Vitrolite is a structural pigmented glass, invented in the USA in 1900 and famously used in the 1913 Woolworth Building, New York, by architect Cass Gilbert. Although the glass was originally produced only in white, the range of colors from which architects could choose soon included black, beige, and ivory. By the 1930s, more exotic colors such as tropic green, forest green, robin blue, suntan, and jade were offered by the principal manufacturers in addition to the stock colors of gray, yellow, and tan. Tim Dunn, a Vitrolite specialist, says, "Even though the architectural glass industry has continued to expand its production of different types of glazing, the imaginative innovations of Carrara Glass, Sani Oxyx, and Vitrolite in the early part of this century have not been surpassed. New technology, combined with human artistry, produced exteriors and interiors alive with color and dimension. Glittering movie palaces, sparkling restaurants, and streamlined storefronts as well as the more mundane kitchens, restrooms, and laboratories exemplified the extensive variety and potential of pigmented structural glass."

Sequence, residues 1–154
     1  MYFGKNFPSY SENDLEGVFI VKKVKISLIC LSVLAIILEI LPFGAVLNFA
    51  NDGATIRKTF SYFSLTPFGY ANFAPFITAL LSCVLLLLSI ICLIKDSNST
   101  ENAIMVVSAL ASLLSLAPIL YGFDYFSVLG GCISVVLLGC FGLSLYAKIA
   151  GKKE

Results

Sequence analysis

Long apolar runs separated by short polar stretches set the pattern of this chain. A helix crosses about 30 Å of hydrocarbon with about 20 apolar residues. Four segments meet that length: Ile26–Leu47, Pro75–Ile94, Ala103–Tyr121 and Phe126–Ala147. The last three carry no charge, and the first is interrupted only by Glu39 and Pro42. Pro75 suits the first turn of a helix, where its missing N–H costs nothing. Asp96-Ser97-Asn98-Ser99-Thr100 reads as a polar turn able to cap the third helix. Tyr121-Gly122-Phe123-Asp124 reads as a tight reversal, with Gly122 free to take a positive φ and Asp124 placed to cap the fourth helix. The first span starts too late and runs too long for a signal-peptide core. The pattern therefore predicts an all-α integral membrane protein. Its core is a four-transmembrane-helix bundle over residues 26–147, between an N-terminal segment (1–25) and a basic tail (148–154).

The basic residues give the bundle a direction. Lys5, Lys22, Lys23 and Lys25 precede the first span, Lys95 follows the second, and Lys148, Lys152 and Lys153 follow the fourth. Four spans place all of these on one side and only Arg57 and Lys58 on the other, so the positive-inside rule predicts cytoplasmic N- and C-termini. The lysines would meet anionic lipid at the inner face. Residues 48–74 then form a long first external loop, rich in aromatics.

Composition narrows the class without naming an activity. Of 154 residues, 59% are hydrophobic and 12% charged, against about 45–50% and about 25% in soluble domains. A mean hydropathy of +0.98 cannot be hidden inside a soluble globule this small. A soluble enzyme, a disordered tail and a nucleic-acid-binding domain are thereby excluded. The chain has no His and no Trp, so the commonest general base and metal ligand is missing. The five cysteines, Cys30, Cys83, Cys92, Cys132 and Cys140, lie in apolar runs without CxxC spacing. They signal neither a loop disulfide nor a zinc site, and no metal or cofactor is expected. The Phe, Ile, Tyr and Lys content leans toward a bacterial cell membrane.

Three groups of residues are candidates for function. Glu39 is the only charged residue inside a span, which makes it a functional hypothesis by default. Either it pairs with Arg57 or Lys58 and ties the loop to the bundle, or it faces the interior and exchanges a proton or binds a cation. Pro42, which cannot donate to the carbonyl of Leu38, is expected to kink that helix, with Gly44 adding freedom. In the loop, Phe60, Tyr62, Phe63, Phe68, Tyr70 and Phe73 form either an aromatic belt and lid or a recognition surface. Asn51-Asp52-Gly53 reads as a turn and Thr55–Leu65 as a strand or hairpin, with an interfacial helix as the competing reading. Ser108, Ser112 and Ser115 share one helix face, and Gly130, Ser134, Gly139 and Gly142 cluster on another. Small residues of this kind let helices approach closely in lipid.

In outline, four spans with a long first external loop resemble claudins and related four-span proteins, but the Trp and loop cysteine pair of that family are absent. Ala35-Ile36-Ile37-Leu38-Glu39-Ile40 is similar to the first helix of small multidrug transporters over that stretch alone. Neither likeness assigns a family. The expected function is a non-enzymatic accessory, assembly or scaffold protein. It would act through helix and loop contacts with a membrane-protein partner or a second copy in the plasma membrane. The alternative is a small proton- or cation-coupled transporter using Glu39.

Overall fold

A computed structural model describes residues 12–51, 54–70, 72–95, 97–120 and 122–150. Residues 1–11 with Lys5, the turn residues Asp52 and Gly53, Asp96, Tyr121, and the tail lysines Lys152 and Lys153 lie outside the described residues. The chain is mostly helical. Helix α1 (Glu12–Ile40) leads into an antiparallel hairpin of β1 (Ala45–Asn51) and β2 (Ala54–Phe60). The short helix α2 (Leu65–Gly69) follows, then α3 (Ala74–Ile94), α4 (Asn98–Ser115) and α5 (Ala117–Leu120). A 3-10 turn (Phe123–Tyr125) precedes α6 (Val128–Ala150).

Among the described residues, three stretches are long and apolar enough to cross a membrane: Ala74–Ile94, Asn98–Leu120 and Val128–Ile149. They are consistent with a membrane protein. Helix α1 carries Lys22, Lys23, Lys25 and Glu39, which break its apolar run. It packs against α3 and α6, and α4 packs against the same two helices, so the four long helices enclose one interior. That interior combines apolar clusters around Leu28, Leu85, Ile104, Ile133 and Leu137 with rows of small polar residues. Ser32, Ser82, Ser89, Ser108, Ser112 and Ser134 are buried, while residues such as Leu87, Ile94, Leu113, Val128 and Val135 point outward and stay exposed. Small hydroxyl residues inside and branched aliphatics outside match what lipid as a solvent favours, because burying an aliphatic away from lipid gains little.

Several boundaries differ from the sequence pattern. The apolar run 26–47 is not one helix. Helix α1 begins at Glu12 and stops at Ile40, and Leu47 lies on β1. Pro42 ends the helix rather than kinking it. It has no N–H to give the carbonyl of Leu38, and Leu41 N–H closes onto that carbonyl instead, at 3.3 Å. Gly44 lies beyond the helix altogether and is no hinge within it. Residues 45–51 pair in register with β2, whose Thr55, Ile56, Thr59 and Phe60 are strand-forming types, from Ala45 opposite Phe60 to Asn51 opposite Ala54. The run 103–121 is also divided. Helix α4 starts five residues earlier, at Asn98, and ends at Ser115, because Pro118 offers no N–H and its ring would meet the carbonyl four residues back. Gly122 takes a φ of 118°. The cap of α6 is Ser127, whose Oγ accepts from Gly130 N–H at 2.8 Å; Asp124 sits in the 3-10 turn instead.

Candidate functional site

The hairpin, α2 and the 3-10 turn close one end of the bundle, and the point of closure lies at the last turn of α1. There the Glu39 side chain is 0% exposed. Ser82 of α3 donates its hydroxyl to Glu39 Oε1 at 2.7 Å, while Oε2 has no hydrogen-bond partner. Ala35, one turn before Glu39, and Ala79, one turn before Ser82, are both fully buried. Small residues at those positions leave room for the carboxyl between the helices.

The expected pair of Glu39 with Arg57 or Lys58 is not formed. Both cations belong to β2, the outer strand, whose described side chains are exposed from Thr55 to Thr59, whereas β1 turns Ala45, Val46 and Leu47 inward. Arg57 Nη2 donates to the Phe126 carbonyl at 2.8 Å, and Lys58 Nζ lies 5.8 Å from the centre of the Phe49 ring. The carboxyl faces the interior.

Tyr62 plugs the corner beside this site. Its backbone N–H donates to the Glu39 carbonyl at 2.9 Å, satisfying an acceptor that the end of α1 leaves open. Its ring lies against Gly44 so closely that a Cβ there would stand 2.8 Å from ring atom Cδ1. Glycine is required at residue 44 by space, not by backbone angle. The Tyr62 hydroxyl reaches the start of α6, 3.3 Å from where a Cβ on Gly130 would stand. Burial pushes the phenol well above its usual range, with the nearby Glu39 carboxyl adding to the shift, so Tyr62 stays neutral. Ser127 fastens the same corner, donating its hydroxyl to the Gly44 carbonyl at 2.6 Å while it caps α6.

Vitrolite is commonly rescued in the UK from bathrooms, usually in green, black and yellow. Tim says, "Removal of Vitrolite is an exacting operation. The mastic used may have become hard and difficult to separate from the ribbed backing of the glass. Solvents which are capable of softening the hardened mastic are methyl ethyl ketone, methyl isobutyl ketone, and acetone. They can be worked into the cavity behind the glass with a crook-necked polyethylene laboratory squeeze bottle or a large syringe without a needle. After the mastic has softened, two people using a taut piano wire sawing down from the top can safely and efficiently separate the glass from the wall.

Augusta Arts: Tel (USA) 316.775.2900 Email Augusta Historic Theatre